(AFP) – Sep 4, 2012
SANAA — Yemeni authorities have sent tribal representatives to investigate civilian deaths in an apparent US drone strike targeting an Al-Qaeda commander, one of them told AFP on Tuesday.
Three women and a child were among 14 people killed in Sunday's strike near the town of Radaa, 130 kilometres (80 miles) southeast of Sanaa, targeting Al-Qaeda's Abdelrauf al-Dahab who escaped unharmed. local officials said.
Initial reports said the male dead were Al-Qaeda militants but other sources said they were fellow tribesmen of Dahab unconnected to the jihadist network.
"We have been sent by the government to establish the reasons for the error," delegation member Tawfic al-Jahmi said.
The suspected drone fired two rockets, one of which missed the vehicle carrying Dahab and the second of which hit a following minibus killing all those inside.
Angry relatives of the dead blocked the main road linking Radaa to the town of Dhammar and the capital beyond.
Jahmi said his delegation had received an undertaking to reopen the highway in return for a promise of 20 million rials (nearly 100,000 dollars) in compensation.
The Common Forum bloc of former opposition groups now in the national unity government in Sanaa condemned the "killing of civilians by a drone."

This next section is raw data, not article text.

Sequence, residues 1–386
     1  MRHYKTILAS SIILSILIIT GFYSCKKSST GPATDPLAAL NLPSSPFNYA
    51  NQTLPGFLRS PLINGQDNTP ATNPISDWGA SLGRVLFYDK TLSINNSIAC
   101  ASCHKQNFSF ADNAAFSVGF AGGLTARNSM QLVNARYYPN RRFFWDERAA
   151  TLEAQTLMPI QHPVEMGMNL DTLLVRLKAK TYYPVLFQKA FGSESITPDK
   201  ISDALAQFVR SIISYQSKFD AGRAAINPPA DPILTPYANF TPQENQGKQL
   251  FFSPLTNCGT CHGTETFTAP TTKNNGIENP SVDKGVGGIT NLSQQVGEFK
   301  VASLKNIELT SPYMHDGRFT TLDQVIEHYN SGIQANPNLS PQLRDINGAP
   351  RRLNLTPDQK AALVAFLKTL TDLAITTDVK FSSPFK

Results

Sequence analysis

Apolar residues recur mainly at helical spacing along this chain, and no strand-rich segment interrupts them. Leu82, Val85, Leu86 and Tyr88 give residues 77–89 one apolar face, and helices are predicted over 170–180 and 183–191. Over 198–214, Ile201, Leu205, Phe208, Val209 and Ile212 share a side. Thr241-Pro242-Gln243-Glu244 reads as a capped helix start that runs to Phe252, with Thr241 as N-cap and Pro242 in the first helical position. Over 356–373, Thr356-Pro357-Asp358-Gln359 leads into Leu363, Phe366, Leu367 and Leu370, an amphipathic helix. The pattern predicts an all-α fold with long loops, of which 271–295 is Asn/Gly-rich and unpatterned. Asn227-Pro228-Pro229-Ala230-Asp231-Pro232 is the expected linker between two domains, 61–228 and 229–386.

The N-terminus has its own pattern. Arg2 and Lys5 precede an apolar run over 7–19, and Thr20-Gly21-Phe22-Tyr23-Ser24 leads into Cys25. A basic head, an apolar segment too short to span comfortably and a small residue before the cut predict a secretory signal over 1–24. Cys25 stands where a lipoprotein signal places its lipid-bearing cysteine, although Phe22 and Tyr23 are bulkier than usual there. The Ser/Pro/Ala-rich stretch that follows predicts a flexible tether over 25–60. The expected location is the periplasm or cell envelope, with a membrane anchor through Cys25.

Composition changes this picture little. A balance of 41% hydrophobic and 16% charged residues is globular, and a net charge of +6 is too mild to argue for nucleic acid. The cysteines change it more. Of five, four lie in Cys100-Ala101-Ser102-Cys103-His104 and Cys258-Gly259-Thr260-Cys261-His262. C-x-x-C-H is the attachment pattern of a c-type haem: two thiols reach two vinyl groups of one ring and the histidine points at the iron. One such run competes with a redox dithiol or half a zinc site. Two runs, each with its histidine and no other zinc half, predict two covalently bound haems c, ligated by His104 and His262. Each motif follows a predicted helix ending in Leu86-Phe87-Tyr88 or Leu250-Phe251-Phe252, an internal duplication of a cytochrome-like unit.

The United States is the only country that has drones in the region and in recent months has been carrying out strikes on Al-Qaeda targets in the south and east of the country.
Dahab is the brother of Tareq al-Dahab, who led Al-Qaeda fighters in a January raid in which they overran Radaa, the closest they have reached to the capital. The militants abandoned the city later the same month, bowing to tribal pressure.
Tareq Dahab was killed in February.
Al-Qaeda in the Arabian Peninsula took advantage of the weakness of the central government during last year's protests against ousted president Ali Abdullah Saleh to expand its presence in the impoverished country.
Al-Qaeda loyalists have carried out a spate of deadly attacks against Yemeni security forces and their militia allies since Saleh's successor President Abdrabuh Mansur Hadi came to power pledging to crush the militants.
In an all-out offensive launched in May, the army retook a string of towns in Abyan province in the south.
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